For many people, the word “hypnosis” conjures images of mysterious men with swinging pendulums, holding innocent individuals under their sway.
You would often read or hear of people saying, “Never look into a hypnotist’s eyes!” – as if hypnotists have magic of their own and anyone can fall into their complete control, like robots.
Popular culture hasn’t helped clear the air of such misconceptions and fallacies. There have been countless movies depicting hypnosis as a means to gain an unfair amount of control over a person’s subconscious.
Since you are reading this book, we are going to assume that at some point in time, you have been curious as to what hypnosis really is and how it works.
This book will cover these topics – and more. The main goal of this book is to allow anyone to use self-hypnosis to improve parts of their lives that may have been neglected for some time. Hypnosis is not a magical tool – nor is it a weapon to wield against people.
From our perspective, self-hypnosis is primarily a tool for self-improvement and health enhancement.
Thanks to modern medical science, hypnosis has been acknowledged as a valid alternative health practice for more than fifty years now.
What practitioners knew about the subject back in the day are still applicable today, but we are much more fortunate now because we have been able to refine the existing hypnosis techniques so anyone can apply it specifically to improve one’s self.
Let us clarify the nature of hypnosis, so you can better understand why it is one of the most natural occurrences in the world.
Hypnosis is actually a heightened state of concentration where a person is able to give almost one hundred percent attention to a particular stream of thoughts.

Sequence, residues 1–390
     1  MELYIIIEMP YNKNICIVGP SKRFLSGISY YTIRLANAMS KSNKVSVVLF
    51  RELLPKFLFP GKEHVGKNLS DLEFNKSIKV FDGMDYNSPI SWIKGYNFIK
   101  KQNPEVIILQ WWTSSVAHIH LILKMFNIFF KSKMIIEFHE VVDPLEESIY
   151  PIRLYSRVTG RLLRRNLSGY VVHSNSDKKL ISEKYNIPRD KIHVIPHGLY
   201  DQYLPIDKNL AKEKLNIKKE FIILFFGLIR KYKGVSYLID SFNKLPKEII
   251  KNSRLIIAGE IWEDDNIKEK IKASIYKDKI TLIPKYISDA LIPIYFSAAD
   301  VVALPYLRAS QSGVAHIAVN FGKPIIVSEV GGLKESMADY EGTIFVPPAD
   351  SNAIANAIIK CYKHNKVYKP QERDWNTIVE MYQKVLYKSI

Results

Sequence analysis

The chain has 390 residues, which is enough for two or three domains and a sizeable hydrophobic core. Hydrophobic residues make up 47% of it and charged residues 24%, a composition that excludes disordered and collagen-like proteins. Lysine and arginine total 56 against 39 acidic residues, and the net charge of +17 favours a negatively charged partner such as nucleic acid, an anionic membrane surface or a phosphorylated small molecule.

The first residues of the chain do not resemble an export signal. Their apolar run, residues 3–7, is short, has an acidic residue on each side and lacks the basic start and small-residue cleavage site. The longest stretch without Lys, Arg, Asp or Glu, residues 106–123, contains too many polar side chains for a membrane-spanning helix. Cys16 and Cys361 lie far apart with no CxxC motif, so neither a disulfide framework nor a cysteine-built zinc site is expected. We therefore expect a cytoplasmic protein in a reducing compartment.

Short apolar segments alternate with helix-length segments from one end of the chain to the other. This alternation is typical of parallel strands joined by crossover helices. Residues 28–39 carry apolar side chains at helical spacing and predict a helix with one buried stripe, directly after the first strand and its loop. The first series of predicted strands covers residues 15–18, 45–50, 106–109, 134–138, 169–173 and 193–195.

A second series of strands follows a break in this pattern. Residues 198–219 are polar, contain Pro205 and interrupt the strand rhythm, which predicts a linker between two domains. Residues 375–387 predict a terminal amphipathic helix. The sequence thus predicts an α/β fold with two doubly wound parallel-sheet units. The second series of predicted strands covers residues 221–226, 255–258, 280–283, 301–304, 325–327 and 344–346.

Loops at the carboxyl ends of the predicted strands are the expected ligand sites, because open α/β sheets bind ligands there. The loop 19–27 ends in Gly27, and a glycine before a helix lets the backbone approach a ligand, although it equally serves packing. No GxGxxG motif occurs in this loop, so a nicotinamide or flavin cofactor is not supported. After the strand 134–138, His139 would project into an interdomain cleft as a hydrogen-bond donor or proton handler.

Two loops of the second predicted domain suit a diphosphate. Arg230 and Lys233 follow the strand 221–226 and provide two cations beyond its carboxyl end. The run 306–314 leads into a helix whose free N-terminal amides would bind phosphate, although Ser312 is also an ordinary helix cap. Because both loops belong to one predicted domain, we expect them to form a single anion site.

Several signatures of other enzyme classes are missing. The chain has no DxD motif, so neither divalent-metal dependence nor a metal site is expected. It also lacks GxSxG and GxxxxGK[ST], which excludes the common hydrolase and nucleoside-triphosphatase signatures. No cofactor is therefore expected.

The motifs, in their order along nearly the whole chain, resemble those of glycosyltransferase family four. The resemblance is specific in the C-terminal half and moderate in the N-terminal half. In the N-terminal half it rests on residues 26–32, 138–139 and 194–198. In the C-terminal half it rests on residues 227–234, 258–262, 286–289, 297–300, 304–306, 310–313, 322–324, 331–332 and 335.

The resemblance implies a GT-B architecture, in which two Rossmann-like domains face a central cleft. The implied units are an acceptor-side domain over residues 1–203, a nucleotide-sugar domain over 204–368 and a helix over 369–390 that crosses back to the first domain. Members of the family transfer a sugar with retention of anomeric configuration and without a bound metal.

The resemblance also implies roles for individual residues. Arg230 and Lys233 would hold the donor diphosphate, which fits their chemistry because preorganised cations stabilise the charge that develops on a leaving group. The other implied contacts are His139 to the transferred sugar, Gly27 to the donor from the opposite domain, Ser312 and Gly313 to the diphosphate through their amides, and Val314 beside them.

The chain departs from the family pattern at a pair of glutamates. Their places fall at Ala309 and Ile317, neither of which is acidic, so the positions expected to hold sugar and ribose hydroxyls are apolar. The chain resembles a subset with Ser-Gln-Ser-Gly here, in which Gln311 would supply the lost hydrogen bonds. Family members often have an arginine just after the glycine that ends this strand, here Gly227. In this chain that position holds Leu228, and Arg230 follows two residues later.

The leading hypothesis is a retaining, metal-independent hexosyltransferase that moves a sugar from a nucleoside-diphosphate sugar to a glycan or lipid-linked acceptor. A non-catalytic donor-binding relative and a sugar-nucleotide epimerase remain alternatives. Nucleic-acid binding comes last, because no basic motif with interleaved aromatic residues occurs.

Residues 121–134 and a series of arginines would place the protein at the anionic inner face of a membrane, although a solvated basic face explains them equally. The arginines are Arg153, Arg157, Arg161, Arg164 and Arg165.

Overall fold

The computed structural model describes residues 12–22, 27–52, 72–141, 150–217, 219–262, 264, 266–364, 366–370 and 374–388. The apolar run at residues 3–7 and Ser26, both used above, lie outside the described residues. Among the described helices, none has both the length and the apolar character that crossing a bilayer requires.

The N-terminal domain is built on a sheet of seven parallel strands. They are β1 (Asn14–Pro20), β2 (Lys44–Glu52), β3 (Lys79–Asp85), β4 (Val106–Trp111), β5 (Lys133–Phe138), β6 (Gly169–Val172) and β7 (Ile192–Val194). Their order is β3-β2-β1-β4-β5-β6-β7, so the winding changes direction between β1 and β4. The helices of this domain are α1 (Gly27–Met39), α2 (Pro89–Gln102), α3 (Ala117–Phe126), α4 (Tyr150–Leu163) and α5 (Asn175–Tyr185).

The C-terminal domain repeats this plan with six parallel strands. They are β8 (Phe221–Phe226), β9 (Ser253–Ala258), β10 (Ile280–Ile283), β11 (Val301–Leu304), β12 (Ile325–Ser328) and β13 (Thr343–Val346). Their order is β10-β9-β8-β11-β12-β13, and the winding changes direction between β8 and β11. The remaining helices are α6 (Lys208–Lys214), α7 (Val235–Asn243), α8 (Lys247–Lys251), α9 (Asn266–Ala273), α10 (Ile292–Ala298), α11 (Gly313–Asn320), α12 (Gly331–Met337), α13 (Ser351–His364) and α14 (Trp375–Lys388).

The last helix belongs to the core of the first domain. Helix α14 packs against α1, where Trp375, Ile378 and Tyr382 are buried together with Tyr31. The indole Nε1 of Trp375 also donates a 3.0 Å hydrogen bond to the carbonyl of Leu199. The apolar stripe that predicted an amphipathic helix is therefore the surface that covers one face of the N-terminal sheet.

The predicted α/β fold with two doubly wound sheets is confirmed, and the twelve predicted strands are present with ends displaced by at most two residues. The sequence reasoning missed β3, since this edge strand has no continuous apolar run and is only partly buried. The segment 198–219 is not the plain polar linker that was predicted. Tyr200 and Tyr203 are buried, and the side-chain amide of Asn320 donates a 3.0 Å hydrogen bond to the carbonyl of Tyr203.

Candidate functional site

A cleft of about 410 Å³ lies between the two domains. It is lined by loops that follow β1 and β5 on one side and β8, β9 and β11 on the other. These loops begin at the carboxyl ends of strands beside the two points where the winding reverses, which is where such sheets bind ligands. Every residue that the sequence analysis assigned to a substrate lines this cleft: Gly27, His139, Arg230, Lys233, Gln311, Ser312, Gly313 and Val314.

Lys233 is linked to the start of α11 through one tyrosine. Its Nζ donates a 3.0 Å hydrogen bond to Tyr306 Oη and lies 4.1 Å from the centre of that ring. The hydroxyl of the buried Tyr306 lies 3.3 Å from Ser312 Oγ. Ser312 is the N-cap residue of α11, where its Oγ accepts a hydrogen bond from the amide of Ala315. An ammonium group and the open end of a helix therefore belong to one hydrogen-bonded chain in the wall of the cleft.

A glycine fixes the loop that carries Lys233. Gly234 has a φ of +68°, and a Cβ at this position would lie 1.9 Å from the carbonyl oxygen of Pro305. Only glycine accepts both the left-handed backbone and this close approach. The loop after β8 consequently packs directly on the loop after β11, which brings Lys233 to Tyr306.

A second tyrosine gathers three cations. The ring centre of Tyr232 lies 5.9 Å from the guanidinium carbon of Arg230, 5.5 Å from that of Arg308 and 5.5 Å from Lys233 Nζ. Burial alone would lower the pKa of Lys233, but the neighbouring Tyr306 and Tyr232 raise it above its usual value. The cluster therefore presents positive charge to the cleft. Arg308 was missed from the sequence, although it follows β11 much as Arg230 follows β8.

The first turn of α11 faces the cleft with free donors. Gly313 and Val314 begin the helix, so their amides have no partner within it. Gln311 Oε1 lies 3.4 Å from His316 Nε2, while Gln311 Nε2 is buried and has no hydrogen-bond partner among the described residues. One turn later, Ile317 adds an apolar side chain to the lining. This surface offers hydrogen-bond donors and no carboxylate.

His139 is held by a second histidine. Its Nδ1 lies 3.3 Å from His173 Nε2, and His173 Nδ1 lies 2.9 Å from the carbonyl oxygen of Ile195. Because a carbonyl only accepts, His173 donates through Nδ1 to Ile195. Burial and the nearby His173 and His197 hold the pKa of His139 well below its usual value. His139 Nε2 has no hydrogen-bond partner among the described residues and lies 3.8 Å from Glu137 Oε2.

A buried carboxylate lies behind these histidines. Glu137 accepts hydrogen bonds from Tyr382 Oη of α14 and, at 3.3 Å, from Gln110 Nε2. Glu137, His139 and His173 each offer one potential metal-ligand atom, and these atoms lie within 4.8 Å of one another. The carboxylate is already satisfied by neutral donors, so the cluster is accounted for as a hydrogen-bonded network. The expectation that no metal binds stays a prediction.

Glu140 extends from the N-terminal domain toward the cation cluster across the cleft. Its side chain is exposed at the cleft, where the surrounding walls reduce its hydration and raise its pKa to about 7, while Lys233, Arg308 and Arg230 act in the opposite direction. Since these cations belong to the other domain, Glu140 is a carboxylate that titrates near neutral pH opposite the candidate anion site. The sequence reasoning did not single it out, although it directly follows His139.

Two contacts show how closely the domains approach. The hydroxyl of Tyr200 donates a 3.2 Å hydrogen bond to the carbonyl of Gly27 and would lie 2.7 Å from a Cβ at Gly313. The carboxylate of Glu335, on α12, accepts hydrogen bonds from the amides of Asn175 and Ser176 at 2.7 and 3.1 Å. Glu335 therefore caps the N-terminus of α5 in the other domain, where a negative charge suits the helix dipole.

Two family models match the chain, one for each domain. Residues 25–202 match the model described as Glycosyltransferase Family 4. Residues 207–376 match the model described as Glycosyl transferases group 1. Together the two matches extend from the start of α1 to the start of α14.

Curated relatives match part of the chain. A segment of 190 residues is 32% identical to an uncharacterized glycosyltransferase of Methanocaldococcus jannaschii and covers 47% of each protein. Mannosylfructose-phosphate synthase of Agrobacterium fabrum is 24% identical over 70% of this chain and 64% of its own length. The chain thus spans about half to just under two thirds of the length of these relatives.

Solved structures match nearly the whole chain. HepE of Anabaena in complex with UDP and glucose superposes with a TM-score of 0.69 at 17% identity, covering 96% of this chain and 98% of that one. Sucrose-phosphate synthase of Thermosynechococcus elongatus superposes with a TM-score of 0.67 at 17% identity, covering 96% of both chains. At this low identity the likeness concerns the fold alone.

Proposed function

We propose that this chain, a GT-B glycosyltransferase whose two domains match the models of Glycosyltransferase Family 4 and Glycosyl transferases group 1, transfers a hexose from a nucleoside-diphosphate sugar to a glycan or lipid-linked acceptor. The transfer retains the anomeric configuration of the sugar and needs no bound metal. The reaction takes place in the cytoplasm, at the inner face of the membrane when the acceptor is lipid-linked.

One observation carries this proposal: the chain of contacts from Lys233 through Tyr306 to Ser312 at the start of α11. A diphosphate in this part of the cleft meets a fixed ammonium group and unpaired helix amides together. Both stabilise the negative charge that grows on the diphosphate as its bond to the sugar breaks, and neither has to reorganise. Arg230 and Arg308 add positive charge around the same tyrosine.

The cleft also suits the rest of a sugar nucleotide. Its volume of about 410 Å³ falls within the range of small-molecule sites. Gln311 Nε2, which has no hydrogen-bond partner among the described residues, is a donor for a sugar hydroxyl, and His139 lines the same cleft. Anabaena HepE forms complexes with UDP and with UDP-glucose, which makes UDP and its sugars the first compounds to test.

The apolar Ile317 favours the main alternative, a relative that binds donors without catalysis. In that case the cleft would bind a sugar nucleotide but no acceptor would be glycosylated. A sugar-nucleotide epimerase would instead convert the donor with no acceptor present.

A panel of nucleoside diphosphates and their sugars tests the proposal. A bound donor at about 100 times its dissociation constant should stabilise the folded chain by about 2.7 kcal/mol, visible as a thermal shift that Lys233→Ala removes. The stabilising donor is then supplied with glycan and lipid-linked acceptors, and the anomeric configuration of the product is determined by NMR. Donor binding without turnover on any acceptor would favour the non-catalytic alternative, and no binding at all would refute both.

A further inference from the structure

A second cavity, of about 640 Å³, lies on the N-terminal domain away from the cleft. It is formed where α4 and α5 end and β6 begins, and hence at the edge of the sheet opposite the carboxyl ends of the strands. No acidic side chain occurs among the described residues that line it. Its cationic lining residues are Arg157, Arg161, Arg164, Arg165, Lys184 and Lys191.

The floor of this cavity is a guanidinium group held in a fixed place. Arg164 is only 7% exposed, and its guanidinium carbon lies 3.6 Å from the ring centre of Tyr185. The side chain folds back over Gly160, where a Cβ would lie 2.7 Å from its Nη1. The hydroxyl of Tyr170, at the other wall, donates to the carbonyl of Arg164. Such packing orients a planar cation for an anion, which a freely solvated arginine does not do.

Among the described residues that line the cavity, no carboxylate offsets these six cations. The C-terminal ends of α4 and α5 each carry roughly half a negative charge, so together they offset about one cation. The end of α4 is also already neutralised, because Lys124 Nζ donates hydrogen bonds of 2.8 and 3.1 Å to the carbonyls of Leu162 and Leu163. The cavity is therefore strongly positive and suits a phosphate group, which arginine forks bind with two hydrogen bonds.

This heightened state of concentration happens when we watch television (which is why the media is so powerful), or when parents teach impressionable children life lessons.
As a person ages and matures mentally, the process of hypnosis becomes more and more complicated because the person already has many normative values that are supported by both the subconscious thought processes and the conscious, or waking, thought processes.
That’s why hypnosis was born as an independent discipline – because in order to be utilized properly, there should be a well thought-out process. The end result of any hypnotic effort is self-hypnosis.
Anyone can be hypnotized. But the effectiveness of a hypnosis technique varies from person to person, depending on the person’s desire to accept the hypnosis process.
If a person consciously resists hypnosis, then the effectiveness of the method is reduced drastically. That’s why the belief that hypnotist’s eyes can control people is completely wrong. It has no scientific bearing and has no rational basis at all.